Drink your fruits and vegetables
Everyone likes a juicy story. That became apparent recently after we ran an item about the beneficial effects of apple juice on people with Alzheimer's.
If you've been looking at our list of "Most Popular" stories on the right-hand side of the McKnight's home page, you likely have seen the apple juice story at the top.
It's always interesting to see which articles resonate with readers. It's not altogether surprising that a story about a commonplace drink helping those with dementia hit the mark. Alzheimer's, a devastating disease, affects many residents in long-term care facilities.
To summarize, a pilot study was conducted on 21 residents with moderate-to-late-stage Alzheimer's at two Massachusetts nursing homes. Participating residents drank two four oz. glasses of apple juicy a day for one month. While they demonstrated no change in the Dementia Rating Scale, caregivers reported an approximate 27% improvement in behavioral and psychotic symptoms associated with dementia. The largest changes occurred in anxiety, agitation and delusion.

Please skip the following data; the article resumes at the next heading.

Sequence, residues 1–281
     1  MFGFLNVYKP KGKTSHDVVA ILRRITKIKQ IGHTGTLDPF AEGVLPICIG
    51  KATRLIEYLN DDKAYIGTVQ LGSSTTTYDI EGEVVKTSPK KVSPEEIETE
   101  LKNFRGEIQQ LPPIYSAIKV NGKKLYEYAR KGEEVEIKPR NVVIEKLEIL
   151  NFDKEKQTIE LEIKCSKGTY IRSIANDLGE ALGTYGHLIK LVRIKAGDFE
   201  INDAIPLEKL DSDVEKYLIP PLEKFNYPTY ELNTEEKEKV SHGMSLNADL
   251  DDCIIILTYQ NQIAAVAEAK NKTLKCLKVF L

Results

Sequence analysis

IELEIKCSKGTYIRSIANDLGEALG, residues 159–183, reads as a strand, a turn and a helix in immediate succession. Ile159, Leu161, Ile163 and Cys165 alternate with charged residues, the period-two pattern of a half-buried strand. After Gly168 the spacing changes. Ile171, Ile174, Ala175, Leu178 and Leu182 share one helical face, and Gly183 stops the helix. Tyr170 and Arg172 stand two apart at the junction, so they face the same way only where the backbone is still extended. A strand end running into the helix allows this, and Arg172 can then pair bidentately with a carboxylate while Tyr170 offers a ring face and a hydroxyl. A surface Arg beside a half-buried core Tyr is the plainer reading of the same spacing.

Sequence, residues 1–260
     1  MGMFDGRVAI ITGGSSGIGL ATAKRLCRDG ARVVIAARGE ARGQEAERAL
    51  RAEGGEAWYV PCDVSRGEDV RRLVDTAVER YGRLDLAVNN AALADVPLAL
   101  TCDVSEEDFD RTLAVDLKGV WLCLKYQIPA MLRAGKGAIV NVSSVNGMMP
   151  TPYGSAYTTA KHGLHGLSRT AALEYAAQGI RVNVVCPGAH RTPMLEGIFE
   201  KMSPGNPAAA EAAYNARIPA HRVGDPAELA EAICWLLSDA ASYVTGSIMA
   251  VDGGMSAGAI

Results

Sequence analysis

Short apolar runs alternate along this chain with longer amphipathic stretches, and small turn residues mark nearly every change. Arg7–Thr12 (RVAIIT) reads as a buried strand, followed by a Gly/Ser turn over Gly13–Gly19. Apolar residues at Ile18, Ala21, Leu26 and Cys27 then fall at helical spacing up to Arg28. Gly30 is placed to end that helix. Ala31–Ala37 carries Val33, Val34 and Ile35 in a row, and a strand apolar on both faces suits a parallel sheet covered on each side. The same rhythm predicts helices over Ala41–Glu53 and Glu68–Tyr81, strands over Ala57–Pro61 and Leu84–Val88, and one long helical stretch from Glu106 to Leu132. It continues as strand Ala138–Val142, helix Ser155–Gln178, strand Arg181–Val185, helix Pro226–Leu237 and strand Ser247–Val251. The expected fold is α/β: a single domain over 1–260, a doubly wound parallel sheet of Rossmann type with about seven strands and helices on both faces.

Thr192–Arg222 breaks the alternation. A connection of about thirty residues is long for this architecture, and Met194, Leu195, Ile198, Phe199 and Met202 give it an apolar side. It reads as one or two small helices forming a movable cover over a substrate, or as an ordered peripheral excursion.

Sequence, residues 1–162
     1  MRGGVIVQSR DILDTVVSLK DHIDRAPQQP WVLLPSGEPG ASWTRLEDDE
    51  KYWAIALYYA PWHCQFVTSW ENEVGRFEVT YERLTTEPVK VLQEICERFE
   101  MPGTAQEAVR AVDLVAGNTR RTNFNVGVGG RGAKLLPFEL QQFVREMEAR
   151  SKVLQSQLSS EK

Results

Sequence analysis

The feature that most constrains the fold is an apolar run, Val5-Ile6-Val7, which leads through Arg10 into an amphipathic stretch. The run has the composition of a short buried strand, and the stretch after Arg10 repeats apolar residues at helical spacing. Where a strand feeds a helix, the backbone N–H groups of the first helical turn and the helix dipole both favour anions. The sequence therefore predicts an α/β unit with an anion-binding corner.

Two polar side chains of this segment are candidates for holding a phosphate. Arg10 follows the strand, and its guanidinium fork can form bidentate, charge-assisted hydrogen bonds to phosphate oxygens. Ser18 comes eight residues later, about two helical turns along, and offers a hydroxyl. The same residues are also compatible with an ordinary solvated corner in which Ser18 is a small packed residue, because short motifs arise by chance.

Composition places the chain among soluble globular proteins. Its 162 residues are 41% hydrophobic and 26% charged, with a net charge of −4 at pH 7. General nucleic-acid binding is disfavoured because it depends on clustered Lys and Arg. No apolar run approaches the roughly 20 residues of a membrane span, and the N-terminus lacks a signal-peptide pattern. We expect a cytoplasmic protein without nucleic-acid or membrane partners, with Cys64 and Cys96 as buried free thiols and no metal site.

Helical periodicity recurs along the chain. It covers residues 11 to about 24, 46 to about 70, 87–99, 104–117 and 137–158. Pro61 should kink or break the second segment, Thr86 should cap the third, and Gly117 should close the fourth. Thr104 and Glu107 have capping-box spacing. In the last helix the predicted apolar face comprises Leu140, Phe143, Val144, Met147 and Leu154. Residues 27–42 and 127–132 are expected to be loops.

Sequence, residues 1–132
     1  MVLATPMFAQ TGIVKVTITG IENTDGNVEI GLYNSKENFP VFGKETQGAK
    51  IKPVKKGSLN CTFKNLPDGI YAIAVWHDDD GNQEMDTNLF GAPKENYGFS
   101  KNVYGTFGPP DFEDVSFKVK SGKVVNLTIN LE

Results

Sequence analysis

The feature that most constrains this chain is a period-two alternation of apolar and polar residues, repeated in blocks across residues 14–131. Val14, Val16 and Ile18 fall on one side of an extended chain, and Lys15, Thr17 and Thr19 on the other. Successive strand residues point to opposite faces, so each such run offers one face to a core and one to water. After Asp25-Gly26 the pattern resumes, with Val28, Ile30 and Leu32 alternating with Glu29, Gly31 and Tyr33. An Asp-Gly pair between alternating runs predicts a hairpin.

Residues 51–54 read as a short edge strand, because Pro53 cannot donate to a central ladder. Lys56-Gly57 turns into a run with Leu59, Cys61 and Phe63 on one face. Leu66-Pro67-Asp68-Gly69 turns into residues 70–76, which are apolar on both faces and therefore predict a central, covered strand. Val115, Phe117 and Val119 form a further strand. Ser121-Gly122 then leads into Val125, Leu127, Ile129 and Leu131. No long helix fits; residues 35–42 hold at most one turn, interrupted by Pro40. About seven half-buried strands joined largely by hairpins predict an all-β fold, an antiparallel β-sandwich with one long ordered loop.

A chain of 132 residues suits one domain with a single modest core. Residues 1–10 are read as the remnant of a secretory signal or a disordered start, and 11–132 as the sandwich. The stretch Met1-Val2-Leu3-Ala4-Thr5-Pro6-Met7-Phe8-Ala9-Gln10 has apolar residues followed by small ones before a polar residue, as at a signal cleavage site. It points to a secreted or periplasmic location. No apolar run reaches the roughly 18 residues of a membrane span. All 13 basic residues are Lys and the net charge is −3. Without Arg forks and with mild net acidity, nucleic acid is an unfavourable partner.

The power of phytochemicals
Whey does apple juice help improve behavioral effects? It's not clear, according the authors. One possibility is the antioxidant potential of phytochemicals, "which is consistent with reduction of oxidative damage to brain tissue in preclinical studies."
Whatever the reason, this is good news. One of the most uplifting aspects of the story is that it reinforces the positive impact of nutritional supplementation. Researchers increasingly are learning about the benefits of certain foods on our cognitive and physical well-being. It is good to know that we can take natural approaches to healing, in addition to the usual pharmacological ones.
The study notes that because of the small participant population, we should interpret the results with caution.
Still, "the modest, but statistically significant, impact of apple juice on BPSD [behavioral and psychological symptoms of dementia] in this short-term pilot study add to the body of evidence supporting the usefulness of nutritional approaches, including fruit and vegetable juices, in delaying the onset and progression of AD [Alzheimer's disease] even in the face of known genetic risk factors," according to authors.
That is sure to sound sweet to Mott's.